Hacker

1. Ransomware Ransomware Ransomware

Thought 2015 was the Year of Ransomware? Security vendors say it’s only the beginning. This year, we will see ransomware and Ashley Madison-style attacks become ubiquitous to the point of evolving into an “as-a-Service” model.

According to Intel Security, even inexperienced cybercriminals will gain access to the service while staying relatively anonymous. According to IBM X-Force, the practice will migrate to mobile as well.

hacker, malware, virus

2. Cyber espionage may lead to full-out warfare

Researchers at Hewlett Packard Enterprise posit that cyber attacks in 2016 will lead to “military retaliation.” While this may sound extreme, Western militaries are already targeting hackers in the ISIS terrorist group. What’s new is that, much like the nuclear threat of the cold war, tensions are mounting and countries are developing “hotlines” to call other states in case of accidents to avoid crisis.

Meanwhile, for intentional attacks, Intel Security predicts that the number of cyber espionage incidents may actually decrease as they become stealthier. Many may go unreported in 2016.

Photo Courtesy of The CW Network

3. Cybersecurity issues will kill a product

We’ve reported on the slow death of the Adobe Flash plugin, but unfortunately, the death looks to be a very slow one. While not pointing any direct fingers, HPE predicts a major product will shut down due to security issues in 2016 due to the cost-benefit scale tipping the other way.

Nevertheless, Intel Security predicts that new “mitigation features” introduced in a recent Flash Player patch should slow down exploits of this attack vector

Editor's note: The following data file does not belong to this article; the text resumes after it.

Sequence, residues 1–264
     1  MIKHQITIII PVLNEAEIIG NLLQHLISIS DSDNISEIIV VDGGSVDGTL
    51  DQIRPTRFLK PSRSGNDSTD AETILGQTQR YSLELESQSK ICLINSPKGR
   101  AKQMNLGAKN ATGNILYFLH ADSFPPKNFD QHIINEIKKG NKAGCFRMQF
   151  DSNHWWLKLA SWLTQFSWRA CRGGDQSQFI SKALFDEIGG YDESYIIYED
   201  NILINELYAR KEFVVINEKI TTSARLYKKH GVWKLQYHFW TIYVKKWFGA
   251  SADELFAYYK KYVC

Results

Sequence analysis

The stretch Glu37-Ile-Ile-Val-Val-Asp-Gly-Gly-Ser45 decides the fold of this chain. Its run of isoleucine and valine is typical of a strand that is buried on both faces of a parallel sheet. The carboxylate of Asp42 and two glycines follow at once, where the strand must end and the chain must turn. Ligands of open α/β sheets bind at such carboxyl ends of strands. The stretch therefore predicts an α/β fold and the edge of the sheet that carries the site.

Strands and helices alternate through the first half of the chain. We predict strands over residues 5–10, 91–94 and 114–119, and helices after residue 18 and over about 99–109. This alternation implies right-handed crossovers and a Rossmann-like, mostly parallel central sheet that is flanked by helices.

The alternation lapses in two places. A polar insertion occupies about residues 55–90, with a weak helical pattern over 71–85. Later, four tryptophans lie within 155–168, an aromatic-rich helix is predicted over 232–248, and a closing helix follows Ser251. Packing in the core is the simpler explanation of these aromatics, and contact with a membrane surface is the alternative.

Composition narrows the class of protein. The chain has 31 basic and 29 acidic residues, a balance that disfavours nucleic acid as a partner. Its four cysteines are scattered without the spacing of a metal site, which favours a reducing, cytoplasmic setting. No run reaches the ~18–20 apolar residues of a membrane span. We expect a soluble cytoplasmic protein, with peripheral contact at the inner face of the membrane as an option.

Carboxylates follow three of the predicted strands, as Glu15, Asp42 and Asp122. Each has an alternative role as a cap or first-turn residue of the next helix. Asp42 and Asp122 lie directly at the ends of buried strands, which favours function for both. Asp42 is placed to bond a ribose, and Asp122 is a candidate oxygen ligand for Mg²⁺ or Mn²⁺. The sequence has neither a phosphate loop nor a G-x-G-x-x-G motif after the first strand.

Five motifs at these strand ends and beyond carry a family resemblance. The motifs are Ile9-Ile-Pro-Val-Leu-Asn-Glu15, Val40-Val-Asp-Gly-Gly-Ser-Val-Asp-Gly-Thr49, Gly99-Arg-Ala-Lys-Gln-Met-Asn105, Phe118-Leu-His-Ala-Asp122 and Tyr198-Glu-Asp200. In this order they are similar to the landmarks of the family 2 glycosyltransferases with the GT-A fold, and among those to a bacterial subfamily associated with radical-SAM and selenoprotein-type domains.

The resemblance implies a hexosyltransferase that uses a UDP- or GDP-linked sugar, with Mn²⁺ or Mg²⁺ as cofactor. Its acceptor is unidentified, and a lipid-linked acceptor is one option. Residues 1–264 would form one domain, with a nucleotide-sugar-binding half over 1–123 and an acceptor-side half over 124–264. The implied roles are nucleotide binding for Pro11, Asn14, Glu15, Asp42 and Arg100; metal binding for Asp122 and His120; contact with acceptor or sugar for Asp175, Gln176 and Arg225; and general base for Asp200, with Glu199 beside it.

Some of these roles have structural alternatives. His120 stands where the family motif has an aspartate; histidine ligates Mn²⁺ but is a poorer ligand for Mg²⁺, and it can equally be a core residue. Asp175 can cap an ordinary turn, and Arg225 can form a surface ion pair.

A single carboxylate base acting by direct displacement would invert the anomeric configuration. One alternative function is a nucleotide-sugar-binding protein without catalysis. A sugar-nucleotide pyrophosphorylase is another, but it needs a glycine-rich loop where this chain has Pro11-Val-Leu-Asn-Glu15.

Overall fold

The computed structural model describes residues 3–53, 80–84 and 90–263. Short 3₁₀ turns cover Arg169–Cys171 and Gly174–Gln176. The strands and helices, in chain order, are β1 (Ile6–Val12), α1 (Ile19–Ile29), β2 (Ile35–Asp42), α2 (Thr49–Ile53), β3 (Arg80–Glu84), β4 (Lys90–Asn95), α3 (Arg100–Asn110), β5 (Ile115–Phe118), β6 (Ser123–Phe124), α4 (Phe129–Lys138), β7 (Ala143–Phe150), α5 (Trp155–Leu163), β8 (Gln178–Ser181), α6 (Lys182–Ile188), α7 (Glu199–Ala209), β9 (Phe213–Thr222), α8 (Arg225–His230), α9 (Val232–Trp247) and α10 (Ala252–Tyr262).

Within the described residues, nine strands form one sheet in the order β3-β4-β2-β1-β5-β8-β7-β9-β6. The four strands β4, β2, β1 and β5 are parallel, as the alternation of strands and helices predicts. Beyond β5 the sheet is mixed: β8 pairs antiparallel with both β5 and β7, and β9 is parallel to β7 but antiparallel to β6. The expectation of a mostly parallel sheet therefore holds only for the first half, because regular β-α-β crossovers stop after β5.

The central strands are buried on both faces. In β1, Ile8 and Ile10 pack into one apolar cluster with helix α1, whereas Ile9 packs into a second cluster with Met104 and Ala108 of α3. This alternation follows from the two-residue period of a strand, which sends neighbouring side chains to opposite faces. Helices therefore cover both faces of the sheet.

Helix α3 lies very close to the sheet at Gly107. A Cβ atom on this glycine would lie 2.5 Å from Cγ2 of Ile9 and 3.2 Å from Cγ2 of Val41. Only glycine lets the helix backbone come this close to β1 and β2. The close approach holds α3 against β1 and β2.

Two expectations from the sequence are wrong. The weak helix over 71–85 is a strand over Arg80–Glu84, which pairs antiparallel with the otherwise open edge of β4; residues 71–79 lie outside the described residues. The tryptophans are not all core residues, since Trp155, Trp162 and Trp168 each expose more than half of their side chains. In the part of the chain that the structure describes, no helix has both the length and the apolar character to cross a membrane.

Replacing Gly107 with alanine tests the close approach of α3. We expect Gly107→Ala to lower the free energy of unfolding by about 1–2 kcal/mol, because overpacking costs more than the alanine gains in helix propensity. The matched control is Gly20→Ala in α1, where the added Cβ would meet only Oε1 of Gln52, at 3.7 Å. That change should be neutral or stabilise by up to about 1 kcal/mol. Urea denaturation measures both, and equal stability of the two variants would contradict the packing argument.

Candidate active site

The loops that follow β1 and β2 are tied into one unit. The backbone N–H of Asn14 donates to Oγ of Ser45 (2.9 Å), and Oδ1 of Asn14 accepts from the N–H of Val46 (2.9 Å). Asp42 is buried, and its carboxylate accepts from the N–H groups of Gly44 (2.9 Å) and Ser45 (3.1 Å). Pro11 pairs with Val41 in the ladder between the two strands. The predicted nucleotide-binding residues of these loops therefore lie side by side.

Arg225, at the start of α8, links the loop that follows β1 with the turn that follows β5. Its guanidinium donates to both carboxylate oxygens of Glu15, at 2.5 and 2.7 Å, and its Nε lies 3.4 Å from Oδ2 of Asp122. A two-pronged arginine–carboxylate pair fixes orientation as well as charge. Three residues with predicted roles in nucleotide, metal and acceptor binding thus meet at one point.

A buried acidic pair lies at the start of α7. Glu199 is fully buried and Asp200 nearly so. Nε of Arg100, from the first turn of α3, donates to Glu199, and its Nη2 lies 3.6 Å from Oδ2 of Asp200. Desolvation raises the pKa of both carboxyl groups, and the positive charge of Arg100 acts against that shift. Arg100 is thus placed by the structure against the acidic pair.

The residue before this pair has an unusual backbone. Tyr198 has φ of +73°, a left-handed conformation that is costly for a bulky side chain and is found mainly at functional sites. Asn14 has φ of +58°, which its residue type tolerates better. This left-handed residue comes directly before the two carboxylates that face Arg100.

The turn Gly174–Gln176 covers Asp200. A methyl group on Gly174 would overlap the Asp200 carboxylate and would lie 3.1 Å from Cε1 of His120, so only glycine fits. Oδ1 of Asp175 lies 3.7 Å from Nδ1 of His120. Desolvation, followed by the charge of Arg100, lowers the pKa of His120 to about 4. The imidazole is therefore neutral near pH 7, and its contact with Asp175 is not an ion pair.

“Because the code quality and complexity of Flash has not changed, there will still be many Flash vulnerabilities,” the company said in a statement. “Any transition away from Flash will be slow. The Internet is full of legacy Flash content, at least for desktops (though not for mobile devices). We don’t expect to see this change soon.”

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4. Malware capable of surviving drive reformats

This is a scary one. Attacks uncovered in 2015 indicate that emerging malware is capable of reprogramming drive firmware, which means that traditional last-resort methods of wiping hard disks and reinstalling operating systems no longer work. This, according to Intel Security involves an “intimate knowledge of firmware and reference code from specific manufacturers and using those details to aggressively maintain the malware’s persistence.”

The security vendor expects the trend of flying below the operating system to grow in 2016.

Wearables

5. Social Engineering and Wearables will work together

With the adoption of non-secured wearables, it is becoming easier for hackers to understand a user’s habits and exploit that knowledge for use in social engineering, such as in sophisticated phishing. Intel gives one scenario involving GPS data from a fitness tracker that reveals a user’s coffee habit. An email with the message “I think you dropped this at the coffee shop this morning” with a malicious link could easily be mistaken for genuine.


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Digital Staff Writer at Computer Dealer News, covering Canada's IT channel.